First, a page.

Companies exploring for oil and gas off the Irish coast say policies and regulations are needed to encourage a repeat the success of the Kinsale and the Corrib fields and prevent the Irish economy becoming reliant on energy imports via Britain.
The Irish Offshore Operators’ Association (IOOA) said the decommissioning of the Kinsale Head gas fields as it reaches the end of its life underlines the need for the new Government to provide leadership on energy, with policies which meet international commitments on climate action while also ensuring Ireland has the power for a vibrant economy.
Head of the IOOA Mandy Johnston said: “Since the 1970s the Kinsale Head fields have powered Irish economic success. When they came on stream they transformed the energy landscape, cutting our dependence on higher emissions fuels as well as unreliable and costly imports.”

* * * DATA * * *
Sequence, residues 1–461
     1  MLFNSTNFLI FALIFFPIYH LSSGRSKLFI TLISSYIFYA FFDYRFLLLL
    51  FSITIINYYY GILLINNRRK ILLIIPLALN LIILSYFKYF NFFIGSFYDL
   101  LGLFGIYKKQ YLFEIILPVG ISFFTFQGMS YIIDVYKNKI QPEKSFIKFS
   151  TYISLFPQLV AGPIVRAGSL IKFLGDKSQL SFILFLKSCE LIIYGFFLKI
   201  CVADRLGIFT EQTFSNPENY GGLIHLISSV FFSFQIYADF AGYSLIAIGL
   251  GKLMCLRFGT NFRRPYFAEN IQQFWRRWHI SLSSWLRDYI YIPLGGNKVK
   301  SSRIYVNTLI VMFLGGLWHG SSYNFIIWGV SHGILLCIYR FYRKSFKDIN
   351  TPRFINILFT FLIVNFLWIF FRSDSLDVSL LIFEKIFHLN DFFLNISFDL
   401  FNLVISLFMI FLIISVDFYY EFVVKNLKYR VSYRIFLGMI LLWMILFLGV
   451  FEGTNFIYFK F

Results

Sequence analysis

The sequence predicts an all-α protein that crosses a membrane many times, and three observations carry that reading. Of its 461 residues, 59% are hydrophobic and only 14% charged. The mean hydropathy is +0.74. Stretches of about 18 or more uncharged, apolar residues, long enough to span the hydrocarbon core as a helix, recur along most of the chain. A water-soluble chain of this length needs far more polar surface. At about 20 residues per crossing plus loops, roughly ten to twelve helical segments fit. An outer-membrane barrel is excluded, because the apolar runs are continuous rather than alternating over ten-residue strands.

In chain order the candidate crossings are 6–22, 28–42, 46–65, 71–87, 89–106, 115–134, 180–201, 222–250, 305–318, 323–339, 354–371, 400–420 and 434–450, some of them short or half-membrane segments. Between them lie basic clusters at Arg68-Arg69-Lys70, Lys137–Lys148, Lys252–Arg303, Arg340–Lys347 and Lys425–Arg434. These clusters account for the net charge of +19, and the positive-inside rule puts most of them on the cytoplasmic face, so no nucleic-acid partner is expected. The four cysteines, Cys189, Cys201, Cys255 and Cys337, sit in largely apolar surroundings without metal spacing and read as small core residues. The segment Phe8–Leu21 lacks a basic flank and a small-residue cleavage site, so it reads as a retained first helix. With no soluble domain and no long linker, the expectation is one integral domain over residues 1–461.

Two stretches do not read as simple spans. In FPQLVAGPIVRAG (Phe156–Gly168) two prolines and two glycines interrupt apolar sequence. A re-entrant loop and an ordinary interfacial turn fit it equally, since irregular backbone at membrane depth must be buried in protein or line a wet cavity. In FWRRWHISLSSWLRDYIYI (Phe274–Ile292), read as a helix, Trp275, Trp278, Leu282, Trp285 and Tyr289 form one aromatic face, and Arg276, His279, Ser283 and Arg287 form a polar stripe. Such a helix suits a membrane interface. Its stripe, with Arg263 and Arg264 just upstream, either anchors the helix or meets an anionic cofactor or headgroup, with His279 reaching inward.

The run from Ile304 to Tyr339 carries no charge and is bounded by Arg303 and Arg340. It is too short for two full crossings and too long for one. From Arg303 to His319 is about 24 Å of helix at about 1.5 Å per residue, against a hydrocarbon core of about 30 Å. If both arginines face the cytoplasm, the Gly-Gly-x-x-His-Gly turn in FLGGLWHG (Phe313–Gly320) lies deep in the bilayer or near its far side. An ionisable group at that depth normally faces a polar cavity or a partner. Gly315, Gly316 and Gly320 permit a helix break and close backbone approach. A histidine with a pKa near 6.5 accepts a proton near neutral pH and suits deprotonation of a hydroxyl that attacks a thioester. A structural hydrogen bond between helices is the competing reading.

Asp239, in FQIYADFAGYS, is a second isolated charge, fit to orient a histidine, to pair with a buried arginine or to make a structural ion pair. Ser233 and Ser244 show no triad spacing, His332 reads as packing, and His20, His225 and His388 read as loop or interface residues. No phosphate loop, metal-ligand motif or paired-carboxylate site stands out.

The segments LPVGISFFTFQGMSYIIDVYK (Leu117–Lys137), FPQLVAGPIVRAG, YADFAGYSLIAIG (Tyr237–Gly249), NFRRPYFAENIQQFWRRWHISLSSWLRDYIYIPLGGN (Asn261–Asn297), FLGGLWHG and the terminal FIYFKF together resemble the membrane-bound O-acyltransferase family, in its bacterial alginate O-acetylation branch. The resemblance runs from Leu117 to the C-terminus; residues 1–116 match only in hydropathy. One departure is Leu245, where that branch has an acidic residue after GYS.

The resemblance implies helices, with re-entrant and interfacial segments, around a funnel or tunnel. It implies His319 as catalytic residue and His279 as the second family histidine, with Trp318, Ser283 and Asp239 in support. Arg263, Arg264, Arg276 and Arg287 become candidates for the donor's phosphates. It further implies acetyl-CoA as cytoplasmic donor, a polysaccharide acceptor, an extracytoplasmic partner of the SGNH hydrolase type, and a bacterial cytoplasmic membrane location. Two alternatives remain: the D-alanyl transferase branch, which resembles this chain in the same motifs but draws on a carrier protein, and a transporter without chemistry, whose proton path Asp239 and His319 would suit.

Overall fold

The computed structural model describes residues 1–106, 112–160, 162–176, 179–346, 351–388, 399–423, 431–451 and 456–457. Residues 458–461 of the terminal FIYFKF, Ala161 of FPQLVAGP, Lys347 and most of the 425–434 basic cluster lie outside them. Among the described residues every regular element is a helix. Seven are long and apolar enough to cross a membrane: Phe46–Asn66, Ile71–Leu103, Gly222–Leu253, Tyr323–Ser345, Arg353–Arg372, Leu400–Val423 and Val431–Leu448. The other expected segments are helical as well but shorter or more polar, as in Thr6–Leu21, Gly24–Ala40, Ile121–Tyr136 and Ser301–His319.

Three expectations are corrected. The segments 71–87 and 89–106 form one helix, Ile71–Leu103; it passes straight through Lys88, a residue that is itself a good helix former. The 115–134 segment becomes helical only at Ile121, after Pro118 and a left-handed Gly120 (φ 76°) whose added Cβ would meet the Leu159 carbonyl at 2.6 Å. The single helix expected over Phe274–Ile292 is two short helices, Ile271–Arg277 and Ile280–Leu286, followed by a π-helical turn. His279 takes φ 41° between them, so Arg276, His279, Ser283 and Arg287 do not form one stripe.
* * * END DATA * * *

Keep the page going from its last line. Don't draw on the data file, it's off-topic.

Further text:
“Today we again face an energy challenge. The important and crucial role of gas during the future decades of transition to renewable energy has been recognised by Government. However with Kinsale now ending and the Corrib field past its peak we are in danger of becoming completely reliant on imported gas to provide energy during the transition.
The IOOA said imported gas means Ireland would be vulnerable to global events.
“Gas will be imported via post-Brexit Britain, often from as far away as Qatar and Russia. The transport of gas over such great distances not only jeopardises jobs at home, it also results in up to 30% higher greenhouse gas emissions,” Ms Johnston said.
“What is needed now is a Government with policies which include clear regulations and guidelines so energy companies can repeat the success of Kinsale and Corrib, a commitment to encourage and develop new technologies such as Carbon Capture and Storage (CCS) and the development of intensive energy conservation measures,” she said.